Order No.355 - 18 May 1944 - F/L P.S. Voss (NZ.404972) - No.62 Squadron.
On 11th February 1944, this officer was the pilot of a Dakota aircraft engaged in supply dropping operations at dusk over the Arakan on the East side of the Mayu range and was on his first supply dropping sortie. On both the first two circuits of the supply dropping zone, his aircraft was subjected to L.M.G. fire from the ground, which resulted in the main oil tank of one engine being holed. A few minutes later the engine concerned began to run “rough” and eventually stopped. By this time, F/L Voss, having made a quick appreciation of the situation, had managed to get his damaged aircraft to 1,500 feet over the Mayu range. He could have effected a landing on an emergency strip but instead, he chose to fly his aircraft on one engine to base where there was no likelihood of it falling into enemy hands. The aircraft was carrying a large weight of supplies when the engine failure occurred and considerable difficulty was experienced in maintaining height. F/L Voss therrefore instructed his crew to jettison all the cargo. This task took several minutes to complete. Meantime the aircraft was gradually losing height and darkness had fallen. The aircraft arrived at the base at 300 feet and a good landing was effected on a flare path. A valuable aircraft was undoubtedly saved on this occasion by F/L Voss displaying a high degree of skill and initiative.
Order No.355 - 18 May 1944 - Can R.99570 - WO2 M.F. Pettibone - No.82 Squadron.
The above Warrant Officer was engaged on a recent Vengeance dive bomber operation against a Japanese supply centre. After his dive he followed his leader round to strafe the target, and going through the dust caused by the bombing must have hit his wing tip against a tree. About 4 feet 6 inches of the wing, half the starboard aileron, and the pitot head were cut off. The aircraft was then thrown into a vertical bank. On putting opposite bank he found that his aircraft did not correct, but by application of top rudder he managed to gain a little height, still in a vertically banked position. He then applied full rudder and aileron bias on the trimming tabs. This enabled him to further application of opposite bank to get the aircraft straight. He then headed for base, informing his leader who flew back with him, and on arriving at base, this pilot landed safely without doing any further damage to his aircraft. Considering he had no airspeed indicator, and 4 feet six inches of his starboard wing missing, including most of the starboard aileron, this was an exceptionally fine piece of airmanship. The coolness and resource of this pilot when in extreme danger was of a very high order, and by bringing back the aircraft in a very badly damaged condition and landing without further mishap, showed great tenacity and courage.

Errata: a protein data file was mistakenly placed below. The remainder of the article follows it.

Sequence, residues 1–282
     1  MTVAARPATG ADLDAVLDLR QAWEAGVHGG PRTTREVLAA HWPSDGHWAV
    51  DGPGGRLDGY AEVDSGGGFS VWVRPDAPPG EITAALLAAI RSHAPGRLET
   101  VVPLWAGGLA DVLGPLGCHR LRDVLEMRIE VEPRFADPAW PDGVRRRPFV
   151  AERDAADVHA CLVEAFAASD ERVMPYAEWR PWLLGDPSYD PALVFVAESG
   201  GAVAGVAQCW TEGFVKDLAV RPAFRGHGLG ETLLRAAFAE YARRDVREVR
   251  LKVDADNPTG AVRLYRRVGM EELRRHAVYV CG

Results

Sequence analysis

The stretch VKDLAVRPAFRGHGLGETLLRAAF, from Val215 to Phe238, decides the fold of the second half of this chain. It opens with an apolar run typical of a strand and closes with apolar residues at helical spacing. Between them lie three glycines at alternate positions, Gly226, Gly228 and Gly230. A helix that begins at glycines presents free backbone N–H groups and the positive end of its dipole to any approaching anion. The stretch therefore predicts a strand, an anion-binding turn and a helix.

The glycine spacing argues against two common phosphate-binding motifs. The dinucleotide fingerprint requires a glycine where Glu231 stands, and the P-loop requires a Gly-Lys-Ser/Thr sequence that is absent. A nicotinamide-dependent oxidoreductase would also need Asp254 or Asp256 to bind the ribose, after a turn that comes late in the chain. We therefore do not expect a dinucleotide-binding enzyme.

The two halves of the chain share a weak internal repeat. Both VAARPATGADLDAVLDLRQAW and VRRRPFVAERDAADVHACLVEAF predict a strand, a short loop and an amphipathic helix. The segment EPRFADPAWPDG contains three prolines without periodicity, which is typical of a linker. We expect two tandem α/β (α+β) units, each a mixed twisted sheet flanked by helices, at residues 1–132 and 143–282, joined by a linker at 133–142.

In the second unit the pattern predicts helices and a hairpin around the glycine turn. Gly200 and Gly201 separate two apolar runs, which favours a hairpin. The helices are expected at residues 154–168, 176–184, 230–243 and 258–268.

Order No.355 - 18 May 1944 - Can R.122381 WO2 D.L. Thompson and 1321295 FS W.J. Butcher, No.211 Squadron.